Nationwide protest in France over pensions as talks continue

Demonstrators face off with police in Nantes France on Jan 9 2020

Under specific pension schemes, some people, like railway worker, are allowed to take early retirement.

Some videos on social media appeared to show riot police forcibly removing some protesters from a city bus depot.

Street protests were staged in Paris and other French cities as the government and labour unions pushed on with negotiations aimed at ending railway strikes over the proposed changes that started on December 5.

Some 452,000 people turned out across France for marches that were again marred by clashes with police and vandalism, with 27 people detained in Paris.

"We're calling for new protests to be organized on January 14, 15, 16, the details of which will be specified on Saturday evening depending on the success of Saturday's interprofessional mobilisation", said Eric Beynel, spokesperson for trade union group Solidaires.

Some schools were closed as teachers, nurses, firefighters, post-office staff, and other civil servants joined transport workers calling on Macron to scrap the unpopular reforms. Under the government's current plan, workers would only receive their full pension is if they work to a "pivot age" of 64.

One protester in Toulouse said to French newspaper Le Monde: "We have been coming since November 17, 2018 and in ten years we will still be there". Cross-country services will be more impacted with just two out of every five train running but worldwide services, including Eurostar, should only be "slightly disrupted".

French rail workers, teachers, doctors, lawyers and others joined a fourth day of nationwide protests and strikes Thursday to denounce President Emmanuel Macron's plans to overhaul the pension system.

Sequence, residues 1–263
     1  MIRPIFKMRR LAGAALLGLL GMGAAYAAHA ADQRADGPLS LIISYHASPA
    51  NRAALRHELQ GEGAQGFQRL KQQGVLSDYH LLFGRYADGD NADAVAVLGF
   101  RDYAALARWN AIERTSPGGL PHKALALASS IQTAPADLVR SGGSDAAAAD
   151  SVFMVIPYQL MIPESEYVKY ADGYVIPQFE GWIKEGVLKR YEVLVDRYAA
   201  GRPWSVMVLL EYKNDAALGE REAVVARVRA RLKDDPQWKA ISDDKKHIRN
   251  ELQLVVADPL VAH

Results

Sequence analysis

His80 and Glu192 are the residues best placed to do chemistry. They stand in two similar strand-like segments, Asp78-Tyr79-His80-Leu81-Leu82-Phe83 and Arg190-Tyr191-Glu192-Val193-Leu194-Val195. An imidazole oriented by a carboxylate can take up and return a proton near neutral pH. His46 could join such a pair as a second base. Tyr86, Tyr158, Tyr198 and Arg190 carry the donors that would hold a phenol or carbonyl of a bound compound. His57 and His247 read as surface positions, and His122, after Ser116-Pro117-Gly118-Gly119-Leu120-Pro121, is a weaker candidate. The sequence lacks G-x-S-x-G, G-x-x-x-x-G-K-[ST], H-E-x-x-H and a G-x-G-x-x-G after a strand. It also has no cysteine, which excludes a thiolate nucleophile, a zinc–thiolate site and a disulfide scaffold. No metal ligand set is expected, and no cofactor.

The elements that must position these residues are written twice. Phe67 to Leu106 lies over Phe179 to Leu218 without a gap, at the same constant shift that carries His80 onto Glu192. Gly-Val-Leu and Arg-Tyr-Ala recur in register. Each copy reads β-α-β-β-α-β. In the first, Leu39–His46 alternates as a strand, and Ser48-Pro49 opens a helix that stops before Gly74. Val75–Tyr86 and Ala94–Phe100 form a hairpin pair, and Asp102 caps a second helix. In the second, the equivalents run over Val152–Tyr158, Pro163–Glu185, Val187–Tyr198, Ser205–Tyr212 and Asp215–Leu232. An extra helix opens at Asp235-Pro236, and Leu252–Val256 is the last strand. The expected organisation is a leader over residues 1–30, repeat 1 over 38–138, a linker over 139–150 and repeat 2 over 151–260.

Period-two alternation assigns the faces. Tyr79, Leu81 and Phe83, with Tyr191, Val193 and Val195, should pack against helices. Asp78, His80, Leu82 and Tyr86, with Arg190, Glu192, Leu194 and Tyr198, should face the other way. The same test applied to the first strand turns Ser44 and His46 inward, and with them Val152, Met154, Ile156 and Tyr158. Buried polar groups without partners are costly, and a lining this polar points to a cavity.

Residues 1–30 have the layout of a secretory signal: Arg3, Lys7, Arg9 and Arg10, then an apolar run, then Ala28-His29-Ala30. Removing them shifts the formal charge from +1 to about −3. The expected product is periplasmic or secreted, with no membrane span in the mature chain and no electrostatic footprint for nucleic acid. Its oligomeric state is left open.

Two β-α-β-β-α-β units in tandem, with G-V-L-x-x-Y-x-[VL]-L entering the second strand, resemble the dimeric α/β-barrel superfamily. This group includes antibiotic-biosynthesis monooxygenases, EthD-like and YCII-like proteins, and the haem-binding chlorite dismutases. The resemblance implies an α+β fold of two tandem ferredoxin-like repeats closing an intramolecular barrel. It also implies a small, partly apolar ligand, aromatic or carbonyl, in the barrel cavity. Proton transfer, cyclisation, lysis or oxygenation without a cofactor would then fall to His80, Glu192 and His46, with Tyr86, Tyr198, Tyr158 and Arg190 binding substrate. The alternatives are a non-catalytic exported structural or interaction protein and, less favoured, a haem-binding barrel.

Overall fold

"Between the government's stance of "We're talking, everything is on the table" and the reality, you have to wonder if it really intends to. take the views of unions into account", said Philippe Martinez of the hardline CGT union.

Unions fear people will have to work longer for lower pensions, and polls suggest at least half of French people still support the strikes.

Talks between the government and labour unions resumed on Tuesday but no compromise has been reached yet.

Mr Macron has asked his government to find a quick compromise with reform-minded unions.

"This proposal only makes sense if the government withdraws its bill on the pivot age", he added.

Three high-speed trains out of five were running.

Budget Minister Gerald Darmanin insisted the measure was "fair" in an interview with the Figaro daily on Thursday.



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